U.S. Sen. Robert C. Byrd (search) formally announced Wednesday that he will seek a record ninth term in the Senate.
Using the Capitol Rotunda as a stage, the 87-year-old Democrat told the crowd he was "ready to go. Another round."
"I have the best job in America because I represent you, the people of West Virginia. And I want to keep this job," Bird told supporters.
Byrd has 47 years in the Senate, and will become the longest-serving member in its history in June. He previously served six years in the U.S. House, and before that terms in both chambers of the West Virginia Legislature.
At least four Republicans have filed or announced plans to run for Byrd's seat in 2006. But national GOP officials are pinning their hopes on Rep. Shelley Moore Capito (search), R-W.Va., challenging Byrd.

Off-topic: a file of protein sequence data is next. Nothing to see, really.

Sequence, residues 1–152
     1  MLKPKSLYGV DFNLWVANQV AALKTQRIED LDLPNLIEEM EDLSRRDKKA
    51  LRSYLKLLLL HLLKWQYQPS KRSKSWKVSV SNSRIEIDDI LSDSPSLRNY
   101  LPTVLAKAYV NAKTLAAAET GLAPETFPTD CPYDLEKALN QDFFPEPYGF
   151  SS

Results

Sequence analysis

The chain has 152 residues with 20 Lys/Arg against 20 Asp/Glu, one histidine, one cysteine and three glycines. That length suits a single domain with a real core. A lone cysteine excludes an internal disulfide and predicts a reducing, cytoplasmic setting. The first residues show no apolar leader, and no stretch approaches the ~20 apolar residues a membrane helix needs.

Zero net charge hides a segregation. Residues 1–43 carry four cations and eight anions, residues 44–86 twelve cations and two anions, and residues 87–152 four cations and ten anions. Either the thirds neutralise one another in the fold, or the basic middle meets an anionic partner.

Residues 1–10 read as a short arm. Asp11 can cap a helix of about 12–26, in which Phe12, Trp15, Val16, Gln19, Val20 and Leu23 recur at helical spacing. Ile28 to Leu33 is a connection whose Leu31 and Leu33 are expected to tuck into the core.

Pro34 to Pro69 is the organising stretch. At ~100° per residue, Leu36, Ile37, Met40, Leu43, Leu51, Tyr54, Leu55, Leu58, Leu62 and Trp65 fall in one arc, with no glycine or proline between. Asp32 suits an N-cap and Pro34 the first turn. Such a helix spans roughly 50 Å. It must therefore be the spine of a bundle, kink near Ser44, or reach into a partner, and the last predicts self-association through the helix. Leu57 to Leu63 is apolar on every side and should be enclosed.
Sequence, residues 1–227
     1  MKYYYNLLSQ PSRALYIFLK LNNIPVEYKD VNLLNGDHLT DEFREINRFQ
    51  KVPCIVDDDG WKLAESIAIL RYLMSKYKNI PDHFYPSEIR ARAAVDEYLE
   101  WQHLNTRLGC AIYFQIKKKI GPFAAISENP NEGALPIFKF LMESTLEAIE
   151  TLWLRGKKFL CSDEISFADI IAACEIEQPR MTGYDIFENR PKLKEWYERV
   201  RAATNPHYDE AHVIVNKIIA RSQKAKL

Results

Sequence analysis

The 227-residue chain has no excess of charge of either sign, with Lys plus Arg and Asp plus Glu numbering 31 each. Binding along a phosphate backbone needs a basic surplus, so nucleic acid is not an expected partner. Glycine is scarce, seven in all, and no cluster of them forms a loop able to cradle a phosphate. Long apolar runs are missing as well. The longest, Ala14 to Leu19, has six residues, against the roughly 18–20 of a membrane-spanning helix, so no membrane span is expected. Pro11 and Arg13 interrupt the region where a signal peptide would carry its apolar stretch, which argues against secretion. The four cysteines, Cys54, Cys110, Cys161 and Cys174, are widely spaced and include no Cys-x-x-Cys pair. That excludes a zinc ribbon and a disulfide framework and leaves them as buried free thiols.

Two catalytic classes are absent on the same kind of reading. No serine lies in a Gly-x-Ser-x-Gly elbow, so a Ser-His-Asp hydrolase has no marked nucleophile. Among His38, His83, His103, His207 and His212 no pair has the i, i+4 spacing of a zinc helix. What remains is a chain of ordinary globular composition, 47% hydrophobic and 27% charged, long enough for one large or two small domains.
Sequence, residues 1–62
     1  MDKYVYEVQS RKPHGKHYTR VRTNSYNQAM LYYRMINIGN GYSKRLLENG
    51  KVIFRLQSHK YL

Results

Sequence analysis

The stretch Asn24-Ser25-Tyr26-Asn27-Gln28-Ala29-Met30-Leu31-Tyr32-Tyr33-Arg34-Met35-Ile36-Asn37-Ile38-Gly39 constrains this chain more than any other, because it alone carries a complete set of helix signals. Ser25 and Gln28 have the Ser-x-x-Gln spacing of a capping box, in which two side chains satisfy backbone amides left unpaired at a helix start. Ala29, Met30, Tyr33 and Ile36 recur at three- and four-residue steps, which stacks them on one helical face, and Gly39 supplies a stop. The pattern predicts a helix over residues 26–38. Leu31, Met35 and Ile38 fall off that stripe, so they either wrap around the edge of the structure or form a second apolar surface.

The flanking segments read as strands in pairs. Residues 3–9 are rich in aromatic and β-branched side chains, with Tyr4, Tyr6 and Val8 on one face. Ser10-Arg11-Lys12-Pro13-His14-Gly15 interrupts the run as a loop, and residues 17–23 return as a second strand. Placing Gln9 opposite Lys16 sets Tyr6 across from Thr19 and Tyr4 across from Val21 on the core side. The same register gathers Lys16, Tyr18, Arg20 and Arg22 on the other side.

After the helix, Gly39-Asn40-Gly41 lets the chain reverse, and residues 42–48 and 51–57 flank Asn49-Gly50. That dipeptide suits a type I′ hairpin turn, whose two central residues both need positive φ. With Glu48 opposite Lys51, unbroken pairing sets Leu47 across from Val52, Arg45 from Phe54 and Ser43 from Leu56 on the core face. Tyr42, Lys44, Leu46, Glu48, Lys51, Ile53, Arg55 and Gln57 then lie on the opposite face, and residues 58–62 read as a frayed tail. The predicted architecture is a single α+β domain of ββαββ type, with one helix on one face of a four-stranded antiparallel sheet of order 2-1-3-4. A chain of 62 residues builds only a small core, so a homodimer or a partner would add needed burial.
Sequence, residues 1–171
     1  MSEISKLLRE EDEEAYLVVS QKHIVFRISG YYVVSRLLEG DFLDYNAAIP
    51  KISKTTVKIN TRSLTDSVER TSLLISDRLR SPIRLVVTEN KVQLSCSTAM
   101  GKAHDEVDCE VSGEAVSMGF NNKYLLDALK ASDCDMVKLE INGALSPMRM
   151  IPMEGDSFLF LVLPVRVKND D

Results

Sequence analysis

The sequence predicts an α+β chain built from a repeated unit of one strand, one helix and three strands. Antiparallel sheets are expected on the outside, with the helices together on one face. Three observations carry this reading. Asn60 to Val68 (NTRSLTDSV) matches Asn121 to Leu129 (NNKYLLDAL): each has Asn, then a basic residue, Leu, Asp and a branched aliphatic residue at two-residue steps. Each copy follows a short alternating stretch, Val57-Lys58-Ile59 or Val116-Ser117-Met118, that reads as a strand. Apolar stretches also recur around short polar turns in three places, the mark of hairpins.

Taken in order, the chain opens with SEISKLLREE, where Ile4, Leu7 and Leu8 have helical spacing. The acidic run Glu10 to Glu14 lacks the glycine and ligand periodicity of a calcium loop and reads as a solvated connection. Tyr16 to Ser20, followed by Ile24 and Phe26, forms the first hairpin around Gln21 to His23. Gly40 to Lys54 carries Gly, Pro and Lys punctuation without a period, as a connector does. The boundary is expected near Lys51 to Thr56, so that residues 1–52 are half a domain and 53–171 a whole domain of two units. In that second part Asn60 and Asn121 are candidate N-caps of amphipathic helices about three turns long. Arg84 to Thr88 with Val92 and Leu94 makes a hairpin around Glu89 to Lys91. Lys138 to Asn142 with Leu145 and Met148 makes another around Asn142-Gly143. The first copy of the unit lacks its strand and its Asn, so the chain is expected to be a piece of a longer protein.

Capito has yet to announce her plans.
Supports say Byrd showed the power of his stature last month when he helped derail a Pentagon proposal to strip the 130th Air National Guard Airlift Wing of its eight cargo planes.
Polling by Survey USA suggests an upswing in Byrd's stature with West Virginians, particularly when compared to the president. Byrd's approval rating increased from 56 percent in May to 65 percent Aug. 15 -- before the 130th was spared the loss of its planes. Bush's approval rating, meanwhile, has remained around 44 percent, with more than half of those surveyed disapproving of his performance.
He also has seen his profile rise beyond the state's borders as he has clashed with the Bush administration over Iraq and other topics.
In an interview with The Associated Press on Monday, Byrd said he was ready for another campaign.
"Show me another 87-year-old man who's got the energy that I've got, and I'll eat your hat," Byrd told the AP.